THE EFFECTS OF MASS SPECTROMETRY ANALYSIS OF LIPIDOMICS IN CIRCULATING TUMOR CELLS
Victoria Pinilla Escobar1, Richard Cote2.
1University of Miami, Coral Springs, FL, 2University of Miami Miller School of Medicine, Miami, FL.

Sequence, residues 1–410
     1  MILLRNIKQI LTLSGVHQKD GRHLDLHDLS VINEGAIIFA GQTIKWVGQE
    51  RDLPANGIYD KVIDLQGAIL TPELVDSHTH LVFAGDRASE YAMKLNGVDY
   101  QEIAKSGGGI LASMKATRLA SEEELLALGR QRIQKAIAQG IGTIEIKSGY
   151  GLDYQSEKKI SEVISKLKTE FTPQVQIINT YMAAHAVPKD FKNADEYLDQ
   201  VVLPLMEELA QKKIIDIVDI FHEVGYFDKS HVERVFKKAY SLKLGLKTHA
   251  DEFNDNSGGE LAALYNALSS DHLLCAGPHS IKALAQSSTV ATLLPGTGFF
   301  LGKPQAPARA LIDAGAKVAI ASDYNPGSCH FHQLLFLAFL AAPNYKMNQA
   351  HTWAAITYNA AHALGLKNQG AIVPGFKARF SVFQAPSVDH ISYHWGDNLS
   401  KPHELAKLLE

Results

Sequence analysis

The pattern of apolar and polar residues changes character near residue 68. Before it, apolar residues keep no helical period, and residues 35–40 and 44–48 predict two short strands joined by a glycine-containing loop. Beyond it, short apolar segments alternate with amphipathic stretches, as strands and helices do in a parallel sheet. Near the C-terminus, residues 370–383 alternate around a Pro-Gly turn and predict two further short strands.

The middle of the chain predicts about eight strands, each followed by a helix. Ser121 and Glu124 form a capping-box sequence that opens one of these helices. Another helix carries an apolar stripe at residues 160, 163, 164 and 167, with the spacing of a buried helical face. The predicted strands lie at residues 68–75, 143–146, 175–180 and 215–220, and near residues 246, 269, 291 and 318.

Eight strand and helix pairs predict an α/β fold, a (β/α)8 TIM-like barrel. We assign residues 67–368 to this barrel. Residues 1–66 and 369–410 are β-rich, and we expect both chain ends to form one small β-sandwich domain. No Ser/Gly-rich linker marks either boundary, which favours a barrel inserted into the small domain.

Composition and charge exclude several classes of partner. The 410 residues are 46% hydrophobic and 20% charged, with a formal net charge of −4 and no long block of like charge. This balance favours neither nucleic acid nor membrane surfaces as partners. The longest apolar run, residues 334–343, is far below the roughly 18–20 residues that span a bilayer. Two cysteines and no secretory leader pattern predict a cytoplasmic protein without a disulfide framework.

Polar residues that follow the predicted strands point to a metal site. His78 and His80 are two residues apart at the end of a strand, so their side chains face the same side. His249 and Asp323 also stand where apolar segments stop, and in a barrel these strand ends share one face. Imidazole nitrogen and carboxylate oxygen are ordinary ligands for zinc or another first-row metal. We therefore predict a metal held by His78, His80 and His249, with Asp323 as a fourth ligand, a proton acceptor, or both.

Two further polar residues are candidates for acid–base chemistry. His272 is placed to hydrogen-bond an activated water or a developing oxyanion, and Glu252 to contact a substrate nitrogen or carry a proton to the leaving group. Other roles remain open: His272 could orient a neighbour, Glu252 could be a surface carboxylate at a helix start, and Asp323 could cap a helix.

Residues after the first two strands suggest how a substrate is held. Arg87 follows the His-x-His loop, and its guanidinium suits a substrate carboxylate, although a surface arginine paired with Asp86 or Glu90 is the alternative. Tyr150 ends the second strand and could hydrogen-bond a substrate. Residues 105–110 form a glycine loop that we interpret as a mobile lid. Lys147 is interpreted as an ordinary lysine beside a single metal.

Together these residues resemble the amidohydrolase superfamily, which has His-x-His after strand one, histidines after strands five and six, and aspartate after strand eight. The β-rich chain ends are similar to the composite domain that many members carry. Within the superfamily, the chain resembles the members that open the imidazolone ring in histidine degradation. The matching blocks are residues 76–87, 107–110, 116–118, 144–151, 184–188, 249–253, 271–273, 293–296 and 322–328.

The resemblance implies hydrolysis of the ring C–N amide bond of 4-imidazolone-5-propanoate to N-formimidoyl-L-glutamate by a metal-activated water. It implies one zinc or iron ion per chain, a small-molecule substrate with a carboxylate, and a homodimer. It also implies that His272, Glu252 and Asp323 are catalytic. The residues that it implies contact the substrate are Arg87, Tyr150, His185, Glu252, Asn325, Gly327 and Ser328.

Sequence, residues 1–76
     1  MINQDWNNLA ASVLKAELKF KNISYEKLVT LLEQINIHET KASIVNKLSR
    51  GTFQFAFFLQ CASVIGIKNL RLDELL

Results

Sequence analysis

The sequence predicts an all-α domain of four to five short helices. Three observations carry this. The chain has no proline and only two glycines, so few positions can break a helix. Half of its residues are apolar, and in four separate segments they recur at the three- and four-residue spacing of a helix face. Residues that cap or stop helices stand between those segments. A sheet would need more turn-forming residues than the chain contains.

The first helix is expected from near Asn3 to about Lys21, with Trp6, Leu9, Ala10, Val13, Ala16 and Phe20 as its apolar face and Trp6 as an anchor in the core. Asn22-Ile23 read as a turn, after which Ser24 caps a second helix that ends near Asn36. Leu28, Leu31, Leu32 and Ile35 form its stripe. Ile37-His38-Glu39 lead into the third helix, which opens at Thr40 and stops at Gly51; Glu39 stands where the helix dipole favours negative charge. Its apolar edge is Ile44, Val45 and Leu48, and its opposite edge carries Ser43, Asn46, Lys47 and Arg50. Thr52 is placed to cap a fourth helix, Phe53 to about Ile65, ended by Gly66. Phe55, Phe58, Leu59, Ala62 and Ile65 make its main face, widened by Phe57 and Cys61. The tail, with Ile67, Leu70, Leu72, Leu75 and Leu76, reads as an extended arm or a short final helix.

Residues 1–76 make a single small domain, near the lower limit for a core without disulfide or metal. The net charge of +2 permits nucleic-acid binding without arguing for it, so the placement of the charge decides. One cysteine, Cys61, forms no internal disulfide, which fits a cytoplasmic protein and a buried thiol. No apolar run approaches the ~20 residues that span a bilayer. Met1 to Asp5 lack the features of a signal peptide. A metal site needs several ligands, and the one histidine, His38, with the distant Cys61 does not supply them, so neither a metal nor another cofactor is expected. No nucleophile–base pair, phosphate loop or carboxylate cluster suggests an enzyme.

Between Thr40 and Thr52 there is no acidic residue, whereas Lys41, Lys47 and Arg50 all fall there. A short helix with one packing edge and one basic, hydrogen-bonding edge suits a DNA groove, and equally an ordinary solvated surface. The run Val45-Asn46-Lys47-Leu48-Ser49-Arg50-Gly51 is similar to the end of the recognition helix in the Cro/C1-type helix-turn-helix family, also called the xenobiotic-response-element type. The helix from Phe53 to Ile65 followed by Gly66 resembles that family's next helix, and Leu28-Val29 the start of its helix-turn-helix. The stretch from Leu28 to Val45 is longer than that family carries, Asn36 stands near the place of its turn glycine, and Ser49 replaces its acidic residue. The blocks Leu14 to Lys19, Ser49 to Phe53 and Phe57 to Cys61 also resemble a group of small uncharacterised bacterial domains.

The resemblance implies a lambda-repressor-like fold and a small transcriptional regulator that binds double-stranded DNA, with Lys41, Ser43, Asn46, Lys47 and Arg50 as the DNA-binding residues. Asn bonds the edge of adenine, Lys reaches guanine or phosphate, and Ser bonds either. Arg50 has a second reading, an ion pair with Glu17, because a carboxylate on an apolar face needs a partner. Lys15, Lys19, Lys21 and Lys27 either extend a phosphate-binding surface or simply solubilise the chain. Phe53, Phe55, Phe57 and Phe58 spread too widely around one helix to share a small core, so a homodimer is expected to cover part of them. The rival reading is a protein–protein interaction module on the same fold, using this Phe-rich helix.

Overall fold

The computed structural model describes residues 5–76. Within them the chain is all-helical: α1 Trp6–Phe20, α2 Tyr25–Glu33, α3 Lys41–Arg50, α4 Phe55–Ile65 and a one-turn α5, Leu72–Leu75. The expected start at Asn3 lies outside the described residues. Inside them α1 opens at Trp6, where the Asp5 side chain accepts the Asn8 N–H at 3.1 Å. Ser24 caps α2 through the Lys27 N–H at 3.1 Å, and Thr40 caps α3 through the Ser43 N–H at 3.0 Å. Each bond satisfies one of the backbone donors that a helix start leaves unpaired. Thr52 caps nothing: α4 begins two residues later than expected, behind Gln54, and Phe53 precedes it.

Circulating tumor cells (CTCs) are cells that have shed into the vasculature from a primary tumor and circulate through the bloodstream, and they are thought to cause metastatic disease. Even though CTCs are present in low numbers in the blood, their characterization, specifically finding a unique signature of phytosterols (PS) and cholesterol lipid profiles as compared with the lipid profiles of primary tumor and metastasis, will potentially provide information to understand if lipids in CTCs influence the metastatic process. In a proof-of-concept study, we began creating a protocol to extract the lipids from the primary tumor, CTCs, and metastasis. Through the use of density gradient centrifugation of the blood, the CTCs and peripheral blood mononucleated cells (PBMCs) were isolated from cancer and healthy patients’ blood. The density gradient centrifugation gives a combination of the CTCs and PBMCs sampled. Therefore, a modified Blight and Dyer method for lipid extraction is currently being tested to see if only the lipids from CTCs can be extracted and analyzed using a triple stage quadruple mass spectroscopy (TSQ-MS) machine. Results presented in this work will serve as a starting point to define possible PS and cholesterol biomarkers that can reveal metabolic pathways with potential for novel drug cancer therapy.